VIVIAN: A PERIOD PIECE

VIVIAN: A PERIOD PIECE
3 Stars
Year Released: 2002
MPAA Rating: Unrated
Running Time: 23 minutes
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A question for the ladies: what’s frequently late, hangs around for about a week, and is simultaneously annoying and necessary? In Aimee Dixon’s short film “Vivian: A Period Piece,” she is the title character. Dixon’s work is about Vivian’s week-long stay at her friend Erin’s (Drew Dixon) house. As soon as Vivian makes her entrance, you’ll find her to be a little odd. She wears almost nothing but red or pink, is prone to crying fits, and there is no explanation why Erin is still friends with her. Erin explains to her boyfriend Sean (Christopher Scott Cherot) that she has known Vivian since junior high. While Erin also claims that she needs Vivian, there isn’t sufficient evidence to indicate why their relationship is so important. From what the audience understands, Vivian is nothing but a pain. Dixon’s short could very well convey the idea that some people are just too nice for their own good.
“Vivian” is photographed well; the sound quality is very good, but there is something about the story that doesn’t feel right. As the film nears its end, though, a mental light bulb will flick on, and you’ll figure out Vivian’s true identity and why she is indeed essential to Erin. The point of realization is similar to that of an M. Night Shyamalan film. Once you discover the true meaning of the film, you’ll recall all the visual and narrative cues the director leaves, and everything will make sense.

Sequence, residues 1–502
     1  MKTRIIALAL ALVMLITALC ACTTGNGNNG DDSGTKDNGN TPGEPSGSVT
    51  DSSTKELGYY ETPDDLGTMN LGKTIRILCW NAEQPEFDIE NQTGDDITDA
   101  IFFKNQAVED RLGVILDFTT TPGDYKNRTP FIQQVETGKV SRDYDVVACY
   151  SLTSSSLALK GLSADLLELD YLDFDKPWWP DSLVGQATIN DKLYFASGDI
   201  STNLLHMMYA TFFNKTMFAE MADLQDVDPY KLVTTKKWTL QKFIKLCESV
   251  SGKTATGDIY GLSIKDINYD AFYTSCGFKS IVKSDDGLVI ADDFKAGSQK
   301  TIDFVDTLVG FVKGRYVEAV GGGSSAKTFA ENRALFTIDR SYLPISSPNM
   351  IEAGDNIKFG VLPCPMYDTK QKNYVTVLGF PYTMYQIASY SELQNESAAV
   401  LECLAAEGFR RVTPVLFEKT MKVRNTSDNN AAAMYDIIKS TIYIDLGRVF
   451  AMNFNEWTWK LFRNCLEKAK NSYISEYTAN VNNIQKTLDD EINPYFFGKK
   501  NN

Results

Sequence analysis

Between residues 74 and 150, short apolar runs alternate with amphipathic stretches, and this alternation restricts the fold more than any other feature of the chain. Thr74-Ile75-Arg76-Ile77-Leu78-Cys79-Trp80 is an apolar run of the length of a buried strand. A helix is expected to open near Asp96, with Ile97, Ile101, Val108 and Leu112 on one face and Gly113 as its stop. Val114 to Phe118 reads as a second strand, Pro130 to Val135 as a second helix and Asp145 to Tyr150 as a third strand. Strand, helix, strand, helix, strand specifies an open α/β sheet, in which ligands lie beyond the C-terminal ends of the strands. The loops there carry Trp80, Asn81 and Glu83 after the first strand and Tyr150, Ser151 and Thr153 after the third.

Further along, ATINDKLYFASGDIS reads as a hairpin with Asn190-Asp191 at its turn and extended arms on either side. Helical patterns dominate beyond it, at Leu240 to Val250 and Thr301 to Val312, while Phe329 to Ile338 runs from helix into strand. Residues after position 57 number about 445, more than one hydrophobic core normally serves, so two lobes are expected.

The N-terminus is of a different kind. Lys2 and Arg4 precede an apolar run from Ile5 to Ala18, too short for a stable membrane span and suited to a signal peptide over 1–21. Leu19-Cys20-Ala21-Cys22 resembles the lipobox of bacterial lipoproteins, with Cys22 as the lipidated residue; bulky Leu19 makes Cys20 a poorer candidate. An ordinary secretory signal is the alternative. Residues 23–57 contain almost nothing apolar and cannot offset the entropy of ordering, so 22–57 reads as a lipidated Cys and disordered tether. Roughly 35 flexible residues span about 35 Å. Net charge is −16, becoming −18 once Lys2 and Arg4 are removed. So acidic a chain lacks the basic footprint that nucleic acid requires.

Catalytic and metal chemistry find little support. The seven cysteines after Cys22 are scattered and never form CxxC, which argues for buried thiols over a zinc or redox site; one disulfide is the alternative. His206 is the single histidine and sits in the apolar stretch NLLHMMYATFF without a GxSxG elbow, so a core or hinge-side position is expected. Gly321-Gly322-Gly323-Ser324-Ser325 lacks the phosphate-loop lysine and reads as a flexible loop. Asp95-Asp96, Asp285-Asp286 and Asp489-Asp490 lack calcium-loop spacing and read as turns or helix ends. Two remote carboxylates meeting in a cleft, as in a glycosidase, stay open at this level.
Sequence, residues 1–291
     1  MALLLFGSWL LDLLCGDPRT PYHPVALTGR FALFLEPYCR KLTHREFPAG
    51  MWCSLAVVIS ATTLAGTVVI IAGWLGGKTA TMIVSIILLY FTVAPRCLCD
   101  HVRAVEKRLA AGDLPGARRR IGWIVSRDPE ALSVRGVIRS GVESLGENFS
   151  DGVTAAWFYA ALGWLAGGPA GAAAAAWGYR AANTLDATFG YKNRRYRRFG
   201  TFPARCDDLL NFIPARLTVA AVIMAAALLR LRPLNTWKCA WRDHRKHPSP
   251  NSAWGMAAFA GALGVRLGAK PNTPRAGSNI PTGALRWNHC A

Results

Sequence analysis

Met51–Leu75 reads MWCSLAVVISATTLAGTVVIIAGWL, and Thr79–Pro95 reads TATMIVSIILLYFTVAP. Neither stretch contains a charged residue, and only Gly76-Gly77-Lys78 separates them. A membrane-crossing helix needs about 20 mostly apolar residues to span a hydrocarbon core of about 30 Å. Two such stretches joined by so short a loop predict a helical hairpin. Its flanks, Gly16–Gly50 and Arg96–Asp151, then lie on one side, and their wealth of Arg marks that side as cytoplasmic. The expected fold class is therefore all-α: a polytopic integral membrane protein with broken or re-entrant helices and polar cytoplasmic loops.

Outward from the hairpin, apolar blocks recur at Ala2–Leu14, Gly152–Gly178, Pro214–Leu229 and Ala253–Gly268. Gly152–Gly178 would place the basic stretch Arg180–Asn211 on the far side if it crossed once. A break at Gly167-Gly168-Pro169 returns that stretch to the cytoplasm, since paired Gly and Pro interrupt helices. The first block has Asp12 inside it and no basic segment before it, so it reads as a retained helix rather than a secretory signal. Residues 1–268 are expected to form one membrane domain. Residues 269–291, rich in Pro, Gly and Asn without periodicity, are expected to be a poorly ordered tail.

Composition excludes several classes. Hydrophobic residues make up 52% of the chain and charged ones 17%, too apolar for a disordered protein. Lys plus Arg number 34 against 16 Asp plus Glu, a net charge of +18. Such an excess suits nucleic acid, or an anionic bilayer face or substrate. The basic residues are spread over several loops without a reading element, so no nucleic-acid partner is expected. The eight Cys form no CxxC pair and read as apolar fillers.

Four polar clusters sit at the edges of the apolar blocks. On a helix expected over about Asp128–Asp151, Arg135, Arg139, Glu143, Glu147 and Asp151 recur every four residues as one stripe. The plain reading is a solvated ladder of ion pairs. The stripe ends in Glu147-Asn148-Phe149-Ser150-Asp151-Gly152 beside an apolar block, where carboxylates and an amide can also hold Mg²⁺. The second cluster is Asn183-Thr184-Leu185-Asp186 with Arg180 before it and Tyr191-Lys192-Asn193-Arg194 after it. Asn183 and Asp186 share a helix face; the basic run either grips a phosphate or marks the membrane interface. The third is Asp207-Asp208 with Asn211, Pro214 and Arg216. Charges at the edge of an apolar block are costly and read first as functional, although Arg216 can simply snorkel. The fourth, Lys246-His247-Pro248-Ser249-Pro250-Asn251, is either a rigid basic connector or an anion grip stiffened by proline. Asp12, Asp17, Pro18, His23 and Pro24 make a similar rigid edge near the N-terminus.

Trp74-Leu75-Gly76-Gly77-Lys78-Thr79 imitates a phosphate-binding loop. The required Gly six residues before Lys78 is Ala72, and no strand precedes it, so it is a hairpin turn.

Dixon’s film has garnered much praise at the various film festivals it has entered. It even won the Best Short Film Award at the 2002 Roxbury Film Festival. It’s no surprise that “Vivian” has delighted audiences. Thanks to Dixon’s clever re-interpretation, the phrase “period piece” will now conjure images other than Jane Austen.



Posted on August 26, 2003 in Reviews by
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